Too Much Benadryl Kills: Seven Signs of Benadryl Overdose

Most people rarely think about the over-the-counter antihistamine Benadryl unless they or a relative are prone to having allergic reactions. But now there’s the “Benadryl challenge,” in which people (often teens) dare one another get high by taking large amounts of Benadryl.

Much like the Tide Pod challenge of 2018 (which was often spread on Youtube.com), the dare has spread through social media platforms, this time mostly on teen-focused TikTok. Also like the Tide Pod debacle, the trend is dangerous.

Benadryl is useful and relatively safe when used correctly, but taking too much can kill you. The more you take, the more likely it is to make you severely ill. According to some reports, children involved in the challenge have been encouraged to take up to 12 tablets at once, a potentially lethal dose. A standard dose of Benadryl is 1 tablet every 4 to 6 hours for children ages 6 to 12 and up to 2 tablets every 4 to 6 hours for those over age 12, not to exceed 6 doses in 24 hours.

Last month, a 15-year-old girl from Oklahoma City died of overdose after trying the challenge late. Other young people have ended up in the hospital with after overdosing.

According to emergency room doctor Robert Glatter of Lenox Hill Hospital, New York City, the nearer a person gets to the dose needed to trigger a desired hallucinatory “high,” the more likely the risk for developing seizures and cardiac arrhythmia. A report in Good Housekeeping found that most of the teens who’ve gotten hurt doing the Benadryl challenge have experienced heart issues.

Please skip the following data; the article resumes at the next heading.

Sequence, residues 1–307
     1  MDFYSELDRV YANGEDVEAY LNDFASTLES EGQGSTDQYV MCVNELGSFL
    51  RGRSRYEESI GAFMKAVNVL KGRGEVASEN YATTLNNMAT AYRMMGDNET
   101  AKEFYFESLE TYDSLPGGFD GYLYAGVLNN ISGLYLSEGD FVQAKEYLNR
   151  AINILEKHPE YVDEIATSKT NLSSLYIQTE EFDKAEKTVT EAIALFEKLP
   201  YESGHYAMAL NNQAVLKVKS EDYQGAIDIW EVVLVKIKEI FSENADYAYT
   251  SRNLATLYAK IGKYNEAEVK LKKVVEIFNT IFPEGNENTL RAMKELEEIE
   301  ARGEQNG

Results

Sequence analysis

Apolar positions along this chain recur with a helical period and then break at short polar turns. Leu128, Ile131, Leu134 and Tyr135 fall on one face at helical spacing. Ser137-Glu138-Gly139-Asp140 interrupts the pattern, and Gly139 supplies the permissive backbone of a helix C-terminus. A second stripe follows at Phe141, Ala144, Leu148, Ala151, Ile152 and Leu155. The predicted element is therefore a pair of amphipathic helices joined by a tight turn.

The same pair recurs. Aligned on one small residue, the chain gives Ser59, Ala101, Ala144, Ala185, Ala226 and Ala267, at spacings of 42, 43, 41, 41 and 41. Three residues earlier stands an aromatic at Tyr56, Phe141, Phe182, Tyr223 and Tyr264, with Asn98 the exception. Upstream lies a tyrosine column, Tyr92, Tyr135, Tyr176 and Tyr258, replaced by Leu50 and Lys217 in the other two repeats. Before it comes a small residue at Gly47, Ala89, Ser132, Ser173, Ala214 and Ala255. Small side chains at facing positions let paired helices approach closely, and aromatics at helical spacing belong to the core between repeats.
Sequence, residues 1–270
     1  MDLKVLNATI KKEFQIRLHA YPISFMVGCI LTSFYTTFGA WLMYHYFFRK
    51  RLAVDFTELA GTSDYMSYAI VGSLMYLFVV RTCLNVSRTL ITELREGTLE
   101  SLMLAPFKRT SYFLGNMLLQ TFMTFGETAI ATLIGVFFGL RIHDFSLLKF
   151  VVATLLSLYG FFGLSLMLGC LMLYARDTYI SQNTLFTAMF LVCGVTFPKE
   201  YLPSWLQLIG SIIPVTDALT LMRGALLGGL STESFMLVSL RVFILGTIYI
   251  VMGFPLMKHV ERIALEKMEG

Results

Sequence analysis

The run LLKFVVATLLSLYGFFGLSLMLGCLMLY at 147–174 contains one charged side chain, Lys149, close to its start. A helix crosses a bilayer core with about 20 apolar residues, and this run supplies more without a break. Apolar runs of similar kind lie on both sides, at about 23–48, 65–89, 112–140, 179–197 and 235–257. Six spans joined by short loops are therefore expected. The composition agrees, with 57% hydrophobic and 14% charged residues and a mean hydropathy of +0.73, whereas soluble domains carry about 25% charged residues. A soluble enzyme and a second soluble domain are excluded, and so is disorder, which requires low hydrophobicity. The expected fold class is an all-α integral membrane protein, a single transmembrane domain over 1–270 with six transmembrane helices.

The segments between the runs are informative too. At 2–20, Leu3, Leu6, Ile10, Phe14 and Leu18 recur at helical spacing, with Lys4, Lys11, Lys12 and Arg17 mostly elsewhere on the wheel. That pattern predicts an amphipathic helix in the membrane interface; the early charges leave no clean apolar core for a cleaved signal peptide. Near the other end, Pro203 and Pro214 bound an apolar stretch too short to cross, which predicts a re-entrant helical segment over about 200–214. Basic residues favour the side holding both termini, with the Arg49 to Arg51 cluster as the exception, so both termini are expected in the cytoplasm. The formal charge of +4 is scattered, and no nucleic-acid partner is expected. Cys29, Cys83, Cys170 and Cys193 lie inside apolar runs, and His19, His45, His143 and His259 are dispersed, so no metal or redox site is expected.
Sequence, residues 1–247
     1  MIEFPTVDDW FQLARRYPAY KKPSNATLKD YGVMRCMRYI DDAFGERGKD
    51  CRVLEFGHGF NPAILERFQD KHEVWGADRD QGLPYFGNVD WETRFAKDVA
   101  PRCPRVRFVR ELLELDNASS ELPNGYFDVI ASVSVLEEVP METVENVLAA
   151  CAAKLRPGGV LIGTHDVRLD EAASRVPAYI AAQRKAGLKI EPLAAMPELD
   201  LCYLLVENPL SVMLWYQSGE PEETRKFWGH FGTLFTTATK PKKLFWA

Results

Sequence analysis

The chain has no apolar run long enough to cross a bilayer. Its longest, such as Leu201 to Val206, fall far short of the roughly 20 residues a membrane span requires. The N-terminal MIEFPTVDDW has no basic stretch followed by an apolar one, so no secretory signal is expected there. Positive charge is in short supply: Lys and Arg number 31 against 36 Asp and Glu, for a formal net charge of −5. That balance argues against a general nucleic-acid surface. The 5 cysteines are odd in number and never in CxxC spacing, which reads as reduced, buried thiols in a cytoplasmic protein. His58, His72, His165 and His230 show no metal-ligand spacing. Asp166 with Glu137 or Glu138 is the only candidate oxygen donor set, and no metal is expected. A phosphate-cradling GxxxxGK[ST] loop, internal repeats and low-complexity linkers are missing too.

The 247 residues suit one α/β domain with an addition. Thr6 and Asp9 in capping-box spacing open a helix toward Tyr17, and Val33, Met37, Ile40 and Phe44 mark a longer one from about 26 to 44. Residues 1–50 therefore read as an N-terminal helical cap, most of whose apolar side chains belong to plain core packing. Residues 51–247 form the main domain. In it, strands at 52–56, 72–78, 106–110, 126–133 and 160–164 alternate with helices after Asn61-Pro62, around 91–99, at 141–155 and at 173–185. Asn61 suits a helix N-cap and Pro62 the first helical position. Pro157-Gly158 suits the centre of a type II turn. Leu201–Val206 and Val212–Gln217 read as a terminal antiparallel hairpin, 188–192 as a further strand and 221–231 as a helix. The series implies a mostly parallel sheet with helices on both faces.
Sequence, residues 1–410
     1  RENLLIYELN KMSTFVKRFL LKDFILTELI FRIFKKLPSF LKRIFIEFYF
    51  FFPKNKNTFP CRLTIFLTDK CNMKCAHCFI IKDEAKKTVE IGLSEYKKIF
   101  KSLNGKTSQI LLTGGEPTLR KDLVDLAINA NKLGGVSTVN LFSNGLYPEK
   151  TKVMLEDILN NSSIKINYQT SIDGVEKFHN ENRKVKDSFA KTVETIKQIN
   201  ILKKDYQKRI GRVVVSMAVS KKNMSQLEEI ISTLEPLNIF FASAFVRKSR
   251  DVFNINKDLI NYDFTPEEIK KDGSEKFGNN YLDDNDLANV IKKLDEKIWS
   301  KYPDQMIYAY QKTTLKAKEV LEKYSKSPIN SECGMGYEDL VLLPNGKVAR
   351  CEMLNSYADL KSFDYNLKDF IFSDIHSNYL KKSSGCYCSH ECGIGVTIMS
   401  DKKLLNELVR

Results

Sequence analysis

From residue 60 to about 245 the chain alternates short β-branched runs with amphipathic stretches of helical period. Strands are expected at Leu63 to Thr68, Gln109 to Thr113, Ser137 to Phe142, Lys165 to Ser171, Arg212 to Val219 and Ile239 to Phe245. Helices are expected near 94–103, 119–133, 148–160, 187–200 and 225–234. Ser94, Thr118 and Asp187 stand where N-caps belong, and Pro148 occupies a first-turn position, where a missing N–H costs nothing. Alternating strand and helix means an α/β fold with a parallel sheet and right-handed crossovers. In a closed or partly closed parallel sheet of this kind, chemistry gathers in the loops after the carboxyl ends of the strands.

Says Glatter:

“Increasing doses of Benadryl typically lead to sleepiness, confusion, vomiting, agitation, elevated heart rate, which can precipitate a cardiac arrhythmia as well as a seizure. People may also require intubation [mechanical breathing assistance] to secure their airway in the setting of a significant overdose.”

Here is a list of Benadryl overdose symptoms, as outlined by Dr. Kenneth Perry of Trident Medical Center, Charleston, South Carolina:

  1. Excessive body heat
  2. Flushed skin
  3. Decreased sweating
  4. Decreased urination (which can lead to kidney issues)
  5. Visions changes, like pupil restriction and inability to focus
  6. Delirium, “spinning,” or hyperawareness
  7. Anxiety

If you suspect you have overdosed on Benadryl (or that someone you know has), get medical help immediately.

Disclaimer: This article does not provide medical advice. Do not take action based solely on this article and always consult with an appropriate healthcare professional. This article is purely for informational purposes.

Add Comment

Leave a Reply


Your email address will not be published. Required fields are marked *

*